My husband broke out the Kitchen Aid and made home-made oatmeal chocolate chip cookies from scratch with nothing but a little direction from the impaired arm-chair Betty Crocker in the living room.  It was slightly hysterical at times.  Mostly when Harrisen drug his Learning Tower over to "help", as baking is our thing.  Scot couldn't quite deal with the chemistry of cookies and toddler "help" at the same time. I'm sure Harrisen was kinda confused.  Evangeline shrieking and hanging onto his legs was another high point.  I did rouse myself from my sofa long enough to disengage her from his lower body, as that's enough to make me postal, and he was already maxing out in the patience category.  

In the end, my husband produced a crispy-yet-chewy cookie that could have won some award, especially since he admitted that he had "probably never" in his 52 years made cookies from scratch, and if he had, he couldn't remember it.

So, I'm feeling better this morning. I'm sure it was a combination of greasy junk food and unconditional love.  These are the things I learned after coming back from the brink:

*cookie sheets can be used upside down with no noticeable deterioration in cookie quality.
*a little Clorox spray will dissolve petrified mustard/bun/pickle mixture from a high chair tray.
*stainless steel sinks are not always stainless, but steel wool helps.
*the same double, undermount, stainless sink set, at full capacity, holds three full dishwasher loads. 
*a dirty diaper left out overnight on the sofa table is really no different from one 30 feet away in an open trash can, odor wise.
*a three year old can pass for bathed with a wet wipe and hair gel.
*I am blessed beyond all measure with a husband who may not do it just like I do it, but is cheerful and willing to do it when I need him.

Three cheers, Scotty-boy. You rock.

Monday, January 12, 2009

Curbing the carnivore.

My uncle recently was diagnosed with a health condition that his doctor decided to treat with a strict vegan diet.  He has been living as a vegan for several months now, and when I saw him on Saturday, he looked like a college guy. Ripped abs and all. He's in his 60's.  He says he feels better than he has in years.  

I had read that eating vegetarian or vegan several times a week would save tons on your grocery bill as well as be a healthy switch for families.  So, I decided to give it a whirl.  My time in Senegal gave me some good direction for vegetarian fare. Suppers usually fed 12 people with no animal protein at all.  While lait caille (soured milk with millet) made me run for the hills, a supper of steaming lentils always was one of my favorites.  

I threw this together last night for my family and it was a huge hit. Delicious, low fat, high protein and full of taste.  Even Evangeline, with her developing palate gobbled it up.  Live as a vegetarian for an evening.  Your heart and pocketbook will love you for it, and with the full flavor and satisfying feel of my improvised African/Indian lentil concoction, I promise it will not be a sacrifice!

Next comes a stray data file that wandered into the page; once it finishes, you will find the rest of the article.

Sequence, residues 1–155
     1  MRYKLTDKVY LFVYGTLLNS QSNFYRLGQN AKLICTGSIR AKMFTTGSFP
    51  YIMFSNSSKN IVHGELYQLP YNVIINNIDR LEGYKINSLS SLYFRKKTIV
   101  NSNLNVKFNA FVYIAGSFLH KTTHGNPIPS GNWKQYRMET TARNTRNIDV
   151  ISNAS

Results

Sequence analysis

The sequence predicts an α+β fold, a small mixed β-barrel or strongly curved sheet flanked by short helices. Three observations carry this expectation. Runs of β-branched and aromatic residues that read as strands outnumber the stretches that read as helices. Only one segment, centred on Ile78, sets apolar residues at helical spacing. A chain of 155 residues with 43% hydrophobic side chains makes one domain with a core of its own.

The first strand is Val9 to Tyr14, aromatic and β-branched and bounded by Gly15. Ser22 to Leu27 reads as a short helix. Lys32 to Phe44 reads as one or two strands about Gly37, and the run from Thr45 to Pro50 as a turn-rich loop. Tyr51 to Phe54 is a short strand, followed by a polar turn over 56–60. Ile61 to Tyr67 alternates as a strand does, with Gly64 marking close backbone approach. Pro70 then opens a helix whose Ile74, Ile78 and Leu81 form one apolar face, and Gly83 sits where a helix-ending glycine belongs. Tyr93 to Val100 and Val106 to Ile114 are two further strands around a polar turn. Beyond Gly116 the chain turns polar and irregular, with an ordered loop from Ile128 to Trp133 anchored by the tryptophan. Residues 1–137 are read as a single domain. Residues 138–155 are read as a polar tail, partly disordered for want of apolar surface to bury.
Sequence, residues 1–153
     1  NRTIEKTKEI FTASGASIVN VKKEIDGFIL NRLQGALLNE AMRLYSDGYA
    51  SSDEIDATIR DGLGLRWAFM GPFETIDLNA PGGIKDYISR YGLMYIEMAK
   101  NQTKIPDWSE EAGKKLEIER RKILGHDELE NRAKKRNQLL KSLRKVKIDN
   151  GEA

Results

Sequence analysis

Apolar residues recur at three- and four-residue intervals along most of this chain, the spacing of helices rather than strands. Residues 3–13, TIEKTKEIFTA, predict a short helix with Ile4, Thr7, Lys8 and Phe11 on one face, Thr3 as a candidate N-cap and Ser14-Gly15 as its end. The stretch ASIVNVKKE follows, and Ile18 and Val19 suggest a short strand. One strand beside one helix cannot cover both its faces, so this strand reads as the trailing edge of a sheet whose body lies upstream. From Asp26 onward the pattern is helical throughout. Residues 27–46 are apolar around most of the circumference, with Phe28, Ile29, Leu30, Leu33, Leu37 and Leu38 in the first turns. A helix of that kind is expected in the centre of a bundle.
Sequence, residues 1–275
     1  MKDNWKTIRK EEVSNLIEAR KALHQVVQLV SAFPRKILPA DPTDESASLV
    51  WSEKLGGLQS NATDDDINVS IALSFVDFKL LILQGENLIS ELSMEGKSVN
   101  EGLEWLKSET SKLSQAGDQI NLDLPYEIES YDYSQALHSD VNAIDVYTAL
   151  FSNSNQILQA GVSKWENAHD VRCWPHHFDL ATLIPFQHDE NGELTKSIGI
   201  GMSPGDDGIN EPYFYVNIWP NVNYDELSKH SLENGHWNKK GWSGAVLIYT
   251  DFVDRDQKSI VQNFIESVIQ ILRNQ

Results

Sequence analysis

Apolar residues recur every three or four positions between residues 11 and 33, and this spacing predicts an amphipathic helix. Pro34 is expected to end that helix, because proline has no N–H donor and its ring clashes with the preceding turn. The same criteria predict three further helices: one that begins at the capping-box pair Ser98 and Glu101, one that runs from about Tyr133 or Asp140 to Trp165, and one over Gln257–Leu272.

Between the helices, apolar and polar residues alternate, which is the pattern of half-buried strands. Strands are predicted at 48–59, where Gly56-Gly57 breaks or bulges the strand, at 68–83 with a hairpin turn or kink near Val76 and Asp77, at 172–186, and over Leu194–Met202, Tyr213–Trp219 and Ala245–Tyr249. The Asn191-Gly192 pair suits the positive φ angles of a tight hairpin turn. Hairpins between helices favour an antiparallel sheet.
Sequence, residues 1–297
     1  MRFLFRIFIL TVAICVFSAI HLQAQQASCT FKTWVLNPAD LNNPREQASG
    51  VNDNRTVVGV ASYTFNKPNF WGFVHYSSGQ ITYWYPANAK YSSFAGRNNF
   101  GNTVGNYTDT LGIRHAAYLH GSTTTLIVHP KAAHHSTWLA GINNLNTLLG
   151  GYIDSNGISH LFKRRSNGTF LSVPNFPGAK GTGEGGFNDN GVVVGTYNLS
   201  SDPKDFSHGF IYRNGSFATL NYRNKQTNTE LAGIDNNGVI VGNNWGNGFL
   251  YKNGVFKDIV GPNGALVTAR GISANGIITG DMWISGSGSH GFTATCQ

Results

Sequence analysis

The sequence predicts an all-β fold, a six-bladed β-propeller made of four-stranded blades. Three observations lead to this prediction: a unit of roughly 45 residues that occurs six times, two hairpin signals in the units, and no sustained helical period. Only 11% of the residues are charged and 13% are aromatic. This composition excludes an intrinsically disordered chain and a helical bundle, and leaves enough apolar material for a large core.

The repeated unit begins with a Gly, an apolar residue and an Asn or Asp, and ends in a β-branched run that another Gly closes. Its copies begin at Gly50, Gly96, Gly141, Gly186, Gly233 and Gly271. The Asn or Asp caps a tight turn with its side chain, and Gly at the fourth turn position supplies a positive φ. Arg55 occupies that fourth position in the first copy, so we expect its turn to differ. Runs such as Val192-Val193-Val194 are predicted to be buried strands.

1 1/2 cups dried lentils
2 tablespoons vegetable oil
2 1/2  cups chicken broth (can use water to make this vegan)
2 onions, chopped 
2 tablespoons minced garlic
1 bag baby spinach leaves
1 can fire roasted diced tomatoes
1 teaspoon cumin
2 teaspoons curry powder
1/2 teaspoon black pepper

Saute the onions and garlic with the oil in a large skillet until clear.  Add lentils and broth. Bring to a boil, then reduce heat and cover, simmering about a half hour until the lentils are almost tender enough to eat.  Add the spinach, tomatoes and spices, continue simmering until the spinach is well wilted and the lentils are done. Serve over white or brown rice. 

Thanks, Uncle Jerry, for the inspiration!

Sunday, January 11, 2009


Harrisen seems to have  absolutely incredible things pop out of his brain almost daily.  I always say, "I need to write that down..." and sometimes I do, and sometimes, well...

So, I decided maybe I should blog them. Share a chuckle with friends and family and archive his brain as it grows and develops. It's a neat peek into how he sees the world.

H- "Mommy! I have a collection of fingers, and I am studying them with this book light."
K- "Really? How many do you have?"
H- (counting) "1, 2, 3, 4, 5, 6, 7, 8, 9, 10! I have ten in my collection, and I can see them with this green booklight."
K- "That's fascinating."

Monday, January 5, 2009

Would you like fries with that?

I admit, I suffer from a very mild case of road rage.  Mine usually consists of a frustrated "People! People!" in traffic, or even a highly agitated "DUDE!" when cut off at an intersection.  In fact, my son can mimic me perfectly and loves to chant, "People, People....." when we are stuck in traffic.  I have never, however, understood how anyone could be moved to violence by an idiot on the highway.